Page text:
Wednesday, March 10, 2010

Dark Matter: a Recalcitrant Phycisist's Lament.

(For Tom, and for BB)

As I was gazing in the air
I saw some stuff that wasn't there.
It wasn't there again today,
I wish it would just go away.


Dale said...


Rouchswalwe said...

Perhaps it lives on the dark side of the moon.

christopher said...

Oh Lucy, after my own heart :D Here goes...

Dark Matter

Oh dear what can that
matter be in between things,
between the wide wheels
of heaven's carriage,
oozing between God's splay toes?

They say space doesn't
hold together right
without this invisible
stuff and yes, weeping
is called for after
forced invisibility,
bowlegged lightyears.

Lucy said...

Thanks you three.

Christopher, you are a very wonder. Physics is by far and away the most poetical of the sciences, and the one least disposed to a dogmatic and intolerant atheism. It's just a bit barking mad sometimes. Though who knows where chemists are coming from? They aren't generally as strident or as sexy as the others, so you don't hear as much from them. Margaret Thatcher and Umberto Eco are the only ones I can think of who have made it to mainstream prominence, and then for something else.

I'm hoping someone will call me on that gross piece of ingnorant generalisation.

I shall copy your poem out and share it with Tom over our morning tea. I love this sprat-to-catch-a-mackerel way blogging works for me.

Anyone like my spiral galaxy? I found it in the back garden.

Crafty Green Poet said...

I'm ploughing my way through a book about dark matter at the moment.....

Roderick Robinson said...

A dedication! My first! I palpitate like Cherubino. I presume we watched the same Horizon. Mrs BB enjoys these science programmes but this went a step too far. She was particularly irritated by the fact that when the maths doesn't fit the physicists simply add in something new as a temporary door-stopper. And the TV producer resorts, yet again, to that explosion tape which, paradoxically, appeared to calm Mrs BB down.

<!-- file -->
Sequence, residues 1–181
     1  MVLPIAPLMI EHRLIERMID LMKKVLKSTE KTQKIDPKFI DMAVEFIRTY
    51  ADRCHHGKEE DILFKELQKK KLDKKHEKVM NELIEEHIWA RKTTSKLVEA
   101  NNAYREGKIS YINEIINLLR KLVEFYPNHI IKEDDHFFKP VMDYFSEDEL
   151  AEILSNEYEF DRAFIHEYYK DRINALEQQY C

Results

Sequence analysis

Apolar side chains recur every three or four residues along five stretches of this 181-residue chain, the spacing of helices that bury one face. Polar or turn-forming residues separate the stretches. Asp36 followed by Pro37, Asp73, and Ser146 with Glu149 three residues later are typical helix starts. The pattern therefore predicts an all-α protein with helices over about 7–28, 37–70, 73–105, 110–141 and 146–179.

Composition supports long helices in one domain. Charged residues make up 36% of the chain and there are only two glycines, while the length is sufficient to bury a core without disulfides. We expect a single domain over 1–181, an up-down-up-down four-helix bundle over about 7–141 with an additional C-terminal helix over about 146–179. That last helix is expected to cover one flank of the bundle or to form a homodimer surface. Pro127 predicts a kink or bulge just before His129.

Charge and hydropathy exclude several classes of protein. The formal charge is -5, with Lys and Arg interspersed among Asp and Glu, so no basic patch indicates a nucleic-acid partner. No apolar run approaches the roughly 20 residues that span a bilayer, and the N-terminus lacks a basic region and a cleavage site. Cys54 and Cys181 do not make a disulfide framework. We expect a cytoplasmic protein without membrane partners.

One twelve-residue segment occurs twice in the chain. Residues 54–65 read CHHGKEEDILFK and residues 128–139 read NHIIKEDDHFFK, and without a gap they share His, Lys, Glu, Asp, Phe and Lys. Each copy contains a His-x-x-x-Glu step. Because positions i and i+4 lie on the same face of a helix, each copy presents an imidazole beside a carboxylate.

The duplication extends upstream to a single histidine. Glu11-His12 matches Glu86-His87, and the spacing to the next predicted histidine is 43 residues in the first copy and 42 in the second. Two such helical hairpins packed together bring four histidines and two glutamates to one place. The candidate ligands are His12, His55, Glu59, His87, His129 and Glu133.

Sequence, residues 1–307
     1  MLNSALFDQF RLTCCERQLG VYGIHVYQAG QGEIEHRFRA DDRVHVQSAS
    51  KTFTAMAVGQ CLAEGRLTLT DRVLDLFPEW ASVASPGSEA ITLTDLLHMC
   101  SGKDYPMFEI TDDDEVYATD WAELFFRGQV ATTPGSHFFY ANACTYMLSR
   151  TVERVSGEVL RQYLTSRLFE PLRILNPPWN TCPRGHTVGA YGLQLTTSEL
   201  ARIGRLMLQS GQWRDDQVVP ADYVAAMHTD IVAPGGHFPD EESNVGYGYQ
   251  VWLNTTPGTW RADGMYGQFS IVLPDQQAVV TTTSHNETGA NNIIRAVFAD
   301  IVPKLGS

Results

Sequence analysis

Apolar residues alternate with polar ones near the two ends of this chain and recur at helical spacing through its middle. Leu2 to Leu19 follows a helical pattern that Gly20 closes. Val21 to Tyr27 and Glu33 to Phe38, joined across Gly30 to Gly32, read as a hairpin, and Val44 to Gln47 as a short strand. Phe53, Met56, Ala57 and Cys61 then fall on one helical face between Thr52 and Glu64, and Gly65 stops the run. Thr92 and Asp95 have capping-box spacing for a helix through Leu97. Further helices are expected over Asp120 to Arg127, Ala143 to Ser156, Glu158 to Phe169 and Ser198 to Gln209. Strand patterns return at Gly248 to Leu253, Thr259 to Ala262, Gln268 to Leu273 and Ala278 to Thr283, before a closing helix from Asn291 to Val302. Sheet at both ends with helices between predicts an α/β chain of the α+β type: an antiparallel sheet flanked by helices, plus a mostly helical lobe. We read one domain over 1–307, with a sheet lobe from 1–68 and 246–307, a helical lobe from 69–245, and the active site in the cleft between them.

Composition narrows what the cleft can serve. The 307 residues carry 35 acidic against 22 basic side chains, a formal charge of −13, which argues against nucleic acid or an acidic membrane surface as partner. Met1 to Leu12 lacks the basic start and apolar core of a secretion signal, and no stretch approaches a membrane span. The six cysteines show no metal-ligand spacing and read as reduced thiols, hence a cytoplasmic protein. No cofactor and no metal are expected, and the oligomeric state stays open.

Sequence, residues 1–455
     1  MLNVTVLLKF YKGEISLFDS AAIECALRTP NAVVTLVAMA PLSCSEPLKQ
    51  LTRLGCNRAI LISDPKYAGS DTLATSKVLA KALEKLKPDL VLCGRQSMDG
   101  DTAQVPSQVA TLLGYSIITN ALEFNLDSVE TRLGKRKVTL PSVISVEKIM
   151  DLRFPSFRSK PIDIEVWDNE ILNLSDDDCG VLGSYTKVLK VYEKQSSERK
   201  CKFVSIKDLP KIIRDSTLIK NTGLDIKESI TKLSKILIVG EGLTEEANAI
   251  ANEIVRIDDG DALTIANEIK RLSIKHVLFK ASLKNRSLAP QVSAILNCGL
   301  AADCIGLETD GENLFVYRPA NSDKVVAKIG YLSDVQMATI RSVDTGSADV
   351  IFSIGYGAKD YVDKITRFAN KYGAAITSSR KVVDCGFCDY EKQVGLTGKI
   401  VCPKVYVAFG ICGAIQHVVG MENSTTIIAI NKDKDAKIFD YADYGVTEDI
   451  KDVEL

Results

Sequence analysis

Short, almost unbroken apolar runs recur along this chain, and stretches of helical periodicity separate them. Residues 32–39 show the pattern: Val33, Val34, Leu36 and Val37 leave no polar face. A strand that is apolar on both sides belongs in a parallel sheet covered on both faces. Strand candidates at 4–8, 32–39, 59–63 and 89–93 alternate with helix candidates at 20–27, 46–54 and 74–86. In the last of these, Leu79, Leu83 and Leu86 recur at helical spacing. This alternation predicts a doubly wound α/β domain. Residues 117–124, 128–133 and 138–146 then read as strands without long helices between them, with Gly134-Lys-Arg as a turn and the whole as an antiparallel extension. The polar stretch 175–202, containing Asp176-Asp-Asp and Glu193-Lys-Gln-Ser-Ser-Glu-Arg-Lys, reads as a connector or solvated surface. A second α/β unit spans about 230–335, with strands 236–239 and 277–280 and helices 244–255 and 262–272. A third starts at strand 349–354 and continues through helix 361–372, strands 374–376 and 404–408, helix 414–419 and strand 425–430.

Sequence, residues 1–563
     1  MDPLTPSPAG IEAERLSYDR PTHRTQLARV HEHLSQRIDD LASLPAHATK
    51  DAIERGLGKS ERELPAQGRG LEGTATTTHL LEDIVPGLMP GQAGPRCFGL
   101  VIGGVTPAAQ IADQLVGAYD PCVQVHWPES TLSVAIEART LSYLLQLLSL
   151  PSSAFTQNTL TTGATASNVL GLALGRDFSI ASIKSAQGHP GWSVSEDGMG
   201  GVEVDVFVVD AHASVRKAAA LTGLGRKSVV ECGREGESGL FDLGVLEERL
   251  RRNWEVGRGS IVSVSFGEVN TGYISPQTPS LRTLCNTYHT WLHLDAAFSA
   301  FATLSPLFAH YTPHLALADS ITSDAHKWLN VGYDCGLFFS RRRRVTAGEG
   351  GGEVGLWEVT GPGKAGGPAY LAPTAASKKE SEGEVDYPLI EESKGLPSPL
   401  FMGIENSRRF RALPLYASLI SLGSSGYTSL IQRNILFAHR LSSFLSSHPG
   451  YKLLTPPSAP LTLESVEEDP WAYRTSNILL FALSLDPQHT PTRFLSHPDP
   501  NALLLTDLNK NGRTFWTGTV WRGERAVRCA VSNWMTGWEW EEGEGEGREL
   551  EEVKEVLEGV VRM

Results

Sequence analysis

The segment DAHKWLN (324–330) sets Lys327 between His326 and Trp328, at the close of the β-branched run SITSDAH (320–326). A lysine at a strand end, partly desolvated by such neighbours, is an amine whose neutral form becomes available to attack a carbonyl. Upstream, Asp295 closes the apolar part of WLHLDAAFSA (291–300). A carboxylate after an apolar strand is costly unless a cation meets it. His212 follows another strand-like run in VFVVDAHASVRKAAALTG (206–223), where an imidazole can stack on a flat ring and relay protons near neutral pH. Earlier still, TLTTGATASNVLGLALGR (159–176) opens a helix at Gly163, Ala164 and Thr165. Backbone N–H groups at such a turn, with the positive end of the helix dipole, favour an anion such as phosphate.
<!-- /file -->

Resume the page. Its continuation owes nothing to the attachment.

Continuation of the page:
As to the dedication I must reply in kind, though I can't do it as quickly as shoot-from-the-hip Chris. I have in mind an imaginary dialogue between you and Tom as you watch a TV programme neither of you are liking; that would open up all sorts of possibilities. But why would you continue to watch? The burden of plotting, previously absent from my versifications, transfers itself from the vaguer, more demanding prose world of the fledgling novel.

christopher said...

What is it, 20% of everything is dark matter, and 75% of everything is dark energy or the universe as we see it can't work the way it appears? What we can see is only 5% of everything?? That's a pretty big fudge factor, 95%. Without the dark matter gravity doesn't hold with the figures we have at the size of the galactic clusters. Without dark energy, the expansions involved (starting with inflation) can't overcome the gravitation. Hmmm.

If that much is out of kilter, then we may be waiting for more than one new Einstein to come along and upend everything. As far as I know no one has unified our macro with micro yet.

As for the chemists...they are busy chasing life creation and extension, are they not? They are busy with codes. Actually that's biochemists. The inorganic chemists, who knows?

herhimnbryn said...

Grand stuff Lucy.

Living with one of the 'other' chemists (inorganic), I can tell you he is off using carbon analysers and gas cromatographs in the gold/ iron ore and agricultural industries. There, you really wanted to know that didn't you?

Where did you find that spiral in your garden?

Dick said...

Neat. Unlikely to get Fritz Zwicky's vote, though!

Lucy said...

How very satisfactory!

CGP - I had forgotten you were a physicist as well as crafty, green and a poet!

BB, and Christopher, and vicariously Mrs BB - you have made my husband very happy, for which I can only thank you. What with Julia helping out on the subject of Brahms' intervals, and now sympathisers in the area of Standard Cosmological Model scepticism (or is it denial?), all I have to do is find him someone with whom he can talk about cricket and my work here is done.

Regrettably, BB, the endlessly repeating explosion shot, together with the bursting red balloon, did nothing to placate his ire, but rather increased it. As to why we went on watching, why indeed? I suppose there is always the hope that something good and true may ultimately surface... as ever, my brain began to transform itself into Sleepy Hollow anyway, barely kept awake by the interjections of contempt and rage from the other side of the sofa.

HHB - ah, I hoped you might weigh in on behalf of the chemists! The Alchemical Erstwhile Bear's activities sound potentially quite poetic... The galaxy was a coil of blue plastic netting covered in snow and heavily doctored with Picasa glow, contrast and soft focus.

Dick - thanks, I shall Google him forthwith!

I think I may transfer the bulk of my blogging activity to the comment box. Or I already have.

Pam said...

Hmm. As a mere arts graduate, I feel slightly out of my depth here...

PurestGreen said...

Yesterday I watched a BBC programme about the sun and this just fits with how I was feeling afterwards - bewildered and a bit spinny.:)

Rosie said...

We watched the program about dark matter and were amused by the way the scientific method of which we are all so proud seemed to be tweaked just a little bit to accomodate inconveniences... perhaps we should just call everything "stuff" and have done with it.

P. M. Doolan said...

Clever poem.